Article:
Tuesday, August 25, 2015

Pre-Code Parade: WATERLOO BRIDGE (1931)

1931 was a busy year for Mae Clarke. She had dues to pay on screen. Among other things, she had to take a grapefruit in the face from James Cagney and be menaced by the Frankenstein monster. At the end of the year, however, she could be excused for not believing that these would be just about the only two events for which she'd be remembered 84 years later. Wasn't this the year she became a star in her own right in one of the most acclaimed performances of 1931? Of course, Waterloo Bridge was a lucky break for Clarke, who replaced Rose Hobart (who would achieve a sort of immortality in another, indirect way) in the lead at the last minute. She would never be so lucky again, apart from those fateful encounters with Cagney and Karloff. Within two years (after a nervous breakdown) she was getting thankless roles like the gold-digger in Fast Workers. By then she had run the gamut, for the heroine of Waterloo Bridge is the antithesis of the gold-digger.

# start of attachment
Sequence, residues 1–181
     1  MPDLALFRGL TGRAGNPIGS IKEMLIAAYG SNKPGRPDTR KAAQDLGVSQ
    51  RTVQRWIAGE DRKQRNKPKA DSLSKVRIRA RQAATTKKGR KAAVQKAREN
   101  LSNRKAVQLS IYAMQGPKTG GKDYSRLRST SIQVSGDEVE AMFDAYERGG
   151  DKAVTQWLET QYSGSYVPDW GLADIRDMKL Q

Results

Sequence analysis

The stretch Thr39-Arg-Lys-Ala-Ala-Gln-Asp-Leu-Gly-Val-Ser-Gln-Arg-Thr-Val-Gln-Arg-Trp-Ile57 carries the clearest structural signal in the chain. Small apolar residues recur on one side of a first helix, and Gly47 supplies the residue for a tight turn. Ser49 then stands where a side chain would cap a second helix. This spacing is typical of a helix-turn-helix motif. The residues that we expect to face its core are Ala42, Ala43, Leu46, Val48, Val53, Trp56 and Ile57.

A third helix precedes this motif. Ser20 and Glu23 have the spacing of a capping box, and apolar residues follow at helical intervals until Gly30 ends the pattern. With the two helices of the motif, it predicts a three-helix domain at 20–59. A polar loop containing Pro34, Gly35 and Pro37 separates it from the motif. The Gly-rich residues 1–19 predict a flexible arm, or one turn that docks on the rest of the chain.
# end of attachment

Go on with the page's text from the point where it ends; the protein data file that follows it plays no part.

In this tale of Americans in Britain during the Great War, we meet Myra Deauville (Clarke) on the closing night of The Ring Boys, a musical in which she was part of the chorus. In the festive farewell atmosphere she pulls faces during the finale and seems pretty hard-boiled about her misfortune. Two years later we see her outside a theater wishing she'd done the show now entering its third year, and by her banter with a friend it becomes apparent, without the dread word being said, that Myra has become a prostitute. She works Waterloo Bridge (shown by director James Whale and the Universal effects team in a rather spectacular process shot and there finds an American, Roy Cronin (Kent Douglass) in the uniform of the Canadian Army. After taking shelter from a German air raid they go to her apartment, the innocent American boy still ignorant of her profession. Now she seems less hard-boiled than she had been, because she can't take money from Roy, even though all he wants, smitten on sight with her, is to help her with her rent. Presumably she responds to something guileless about the lad that compounds his appeal, and fortunately Whale gets a guileless, natural and likable performance from Douglass (aka Douglass Montgomery) in a role that could easily end up contemptibly obtuse. She isn't going to stop working, mind you, but she isn't going to go to work on him.